7 places to start when baby proofing your home
Switch on the TV or visit a news website and there is no shortage of bumps and babies. Among the glut of Royal births and new celebrity offspring, one headline did catch the eye and it concerned the ex Chancellor, George Osborne.
It was reported that the former political high flyer, who is to become a father this summer, is being encouraged to baby proof his London home, after it was revealed to be a very chic, sharply-styled mews property that is more bachelor pad than baby nest.
This case highlights how some parents may have to adapt their grown-up interior style to accommodate small people – especially leading up to when babies start crawling and walking.
With this in mind, we bring you our quick guide to baby proofing a new home, bearing in mind that small people are quick, inquisitive and unpredictable.
- Implement electrical safety
Tiny fingers will find the smallest of gaps, so lockable plug socket covers are a must, especially when it comes to sockets at skirting board level. It’s also wise to tie up cables and to block electrical hubs with heavy items of furniture.
- Remove hazardous items
Babies love to reach out, grab things and put them in their mouths so hazardous items should be locked away or moved up high before a baby is born. Pay particular attention to batteries, coins, knives, tools, cleaning products, alcohol, sewing kits, plastic bags, house plants and medication. As an extra precaution, add safety catches to cupboard doors and drawers below waist height.
- Eliminate trip hazards
As soon as a child’s first step is taken, parents need to remove anything that could cause them to fall. Pay attention to unsecured rugs, piles of shoes, loose pieces of carpet, trailing wires, vacuum cleaner cords and extension cables.
- Secure windows & doors
Window restrictors and childproof locks offer peace-of-mind if you have little explorers, and don’t forget to only ever use cord-free window dressings. Door stops and finger guards will prevent fingers and toes getting squished, and it’s also wise to check if any glazed panels contain safety glass.
- Buy baby gates & a playpen
A baby’s new found freedom can also present an accident waiting to happen. A baby gate at the top and the bottom of the stairs is advised and using a baby gate across a doorway will restrict access to an out-of-bounds room or the garden. A playpen is another way to keep a baby safe in one spot.
- Make furniture safe
Sharp corners will quickly be at eye height of a toddler, so use cushioned guards to prevent injury, paying particular attention to low-level items. Heavy or freestanding furniture pieces – especially bookcases, dressers and chests of drawers – should be screwed to the wall or securely fastened using anti-tip straps/brackets so they can’t be dragged over or toppled.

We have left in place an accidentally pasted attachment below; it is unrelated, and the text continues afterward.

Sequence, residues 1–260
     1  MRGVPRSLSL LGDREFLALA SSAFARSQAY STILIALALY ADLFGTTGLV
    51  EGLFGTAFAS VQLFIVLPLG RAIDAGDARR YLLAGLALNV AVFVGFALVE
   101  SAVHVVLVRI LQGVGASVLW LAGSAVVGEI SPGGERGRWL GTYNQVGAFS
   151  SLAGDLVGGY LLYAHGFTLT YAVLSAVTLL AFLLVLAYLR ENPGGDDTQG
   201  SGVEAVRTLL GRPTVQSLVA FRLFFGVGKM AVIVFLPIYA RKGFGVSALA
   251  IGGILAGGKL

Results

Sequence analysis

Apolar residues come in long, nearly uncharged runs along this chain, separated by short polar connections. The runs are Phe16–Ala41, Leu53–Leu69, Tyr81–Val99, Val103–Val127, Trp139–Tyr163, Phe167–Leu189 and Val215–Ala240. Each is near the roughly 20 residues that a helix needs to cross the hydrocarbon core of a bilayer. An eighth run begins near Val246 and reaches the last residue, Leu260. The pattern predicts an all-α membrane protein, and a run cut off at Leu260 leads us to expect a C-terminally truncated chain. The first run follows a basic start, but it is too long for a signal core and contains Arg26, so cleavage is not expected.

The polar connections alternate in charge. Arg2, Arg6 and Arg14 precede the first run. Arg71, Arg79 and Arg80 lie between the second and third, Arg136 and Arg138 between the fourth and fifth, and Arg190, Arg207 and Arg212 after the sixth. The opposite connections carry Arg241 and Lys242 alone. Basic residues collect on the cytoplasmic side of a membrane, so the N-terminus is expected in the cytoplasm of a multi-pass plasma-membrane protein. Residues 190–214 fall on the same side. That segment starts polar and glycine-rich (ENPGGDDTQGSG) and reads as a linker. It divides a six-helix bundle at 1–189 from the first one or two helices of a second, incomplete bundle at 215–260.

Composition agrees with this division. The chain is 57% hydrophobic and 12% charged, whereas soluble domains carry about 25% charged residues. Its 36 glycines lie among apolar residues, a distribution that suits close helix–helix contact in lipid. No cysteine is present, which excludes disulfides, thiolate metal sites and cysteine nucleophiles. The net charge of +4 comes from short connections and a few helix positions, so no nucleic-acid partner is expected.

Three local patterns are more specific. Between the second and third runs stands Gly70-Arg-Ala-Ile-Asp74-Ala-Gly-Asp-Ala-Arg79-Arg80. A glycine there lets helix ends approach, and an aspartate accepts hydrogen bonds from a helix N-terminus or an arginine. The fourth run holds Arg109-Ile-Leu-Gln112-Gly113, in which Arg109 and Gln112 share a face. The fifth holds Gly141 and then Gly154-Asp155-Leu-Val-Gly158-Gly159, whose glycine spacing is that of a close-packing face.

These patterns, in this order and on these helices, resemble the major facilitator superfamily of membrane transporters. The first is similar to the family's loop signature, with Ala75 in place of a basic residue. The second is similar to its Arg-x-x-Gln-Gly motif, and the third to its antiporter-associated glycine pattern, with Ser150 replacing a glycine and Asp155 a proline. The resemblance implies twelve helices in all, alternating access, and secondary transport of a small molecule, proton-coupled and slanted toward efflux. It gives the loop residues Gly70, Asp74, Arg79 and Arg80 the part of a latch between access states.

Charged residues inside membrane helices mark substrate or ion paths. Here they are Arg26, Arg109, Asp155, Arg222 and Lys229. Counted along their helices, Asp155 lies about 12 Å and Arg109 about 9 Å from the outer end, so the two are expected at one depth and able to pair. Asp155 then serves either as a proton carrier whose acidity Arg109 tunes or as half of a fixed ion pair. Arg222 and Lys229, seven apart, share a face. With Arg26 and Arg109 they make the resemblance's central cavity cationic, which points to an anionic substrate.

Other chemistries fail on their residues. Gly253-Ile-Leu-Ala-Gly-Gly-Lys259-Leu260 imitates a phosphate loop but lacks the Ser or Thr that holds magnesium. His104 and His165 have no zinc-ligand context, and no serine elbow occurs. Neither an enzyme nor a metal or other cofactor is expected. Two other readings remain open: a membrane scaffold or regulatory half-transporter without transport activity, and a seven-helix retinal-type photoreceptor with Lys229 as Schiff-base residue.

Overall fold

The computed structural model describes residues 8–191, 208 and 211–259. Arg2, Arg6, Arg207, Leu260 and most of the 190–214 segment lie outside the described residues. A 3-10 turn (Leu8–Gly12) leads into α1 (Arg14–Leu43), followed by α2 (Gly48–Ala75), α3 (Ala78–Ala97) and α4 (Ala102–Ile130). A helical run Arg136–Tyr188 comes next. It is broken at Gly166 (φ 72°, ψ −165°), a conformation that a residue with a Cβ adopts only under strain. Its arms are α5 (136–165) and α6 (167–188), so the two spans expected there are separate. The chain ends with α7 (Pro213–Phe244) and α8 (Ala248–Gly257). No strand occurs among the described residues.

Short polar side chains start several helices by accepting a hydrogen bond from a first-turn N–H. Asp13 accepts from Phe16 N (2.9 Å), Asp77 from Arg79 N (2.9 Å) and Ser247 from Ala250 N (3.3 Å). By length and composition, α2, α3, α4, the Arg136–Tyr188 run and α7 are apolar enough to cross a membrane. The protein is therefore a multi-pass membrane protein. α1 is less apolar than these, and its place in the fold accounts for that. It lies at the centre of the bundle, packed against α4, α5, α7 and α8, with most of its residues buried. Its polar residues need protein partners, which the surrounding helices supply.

- Fire & water safety
Open fires and fireplaces should always be screened with a fixed fire guard, and extreme caution should be taken with candles or wax melt burners. Install smoke alarms and carbon monoxide detectors, if not already in place, and ensure they are tested on a regular basis. You may also like to buy a fire extinguisher and a fire blanket to keep in the home. Don’t forget to keep kettles out of reach and install tap guards to avoid scalds.
Outside – fence off, securely cover or fill in ponds, water features and pools.
Download, read or buy now
- Compile or buy a ready-made baby first aid kit
- Download the Red Cross’s baby and child first aid app
- Learn how to perform CPR on a baby or child
- Know what to do if a child or baby is choking
- Buy a baby-proofing kit or stand-alone safety items online
This online guide to baby proofing really is a must-read, and covers other areas, such as garages and gardens, in more detail. If you find your home is unsuitable for family life, contact us for a list of alternative properties.
Share this article
4 ways to use wood panelling in your property
Fixing wood to our walls is nothing new. There is evidence wood panelling was used in ancient Greece, Rome, Japan and China, mainly to provide insulation and protection.
What’s cooking: kitchen trends for 2024
There are a number of essential components that comprise a kitchen – a sink with running water, oven and fridge freezer being the most vital – therefore, everything else could be considered a ‘nice to have’.
Sign up for our newsletter
Subscribe to receive the latest property market information to your inbox, full of market knowledge and tips for your home.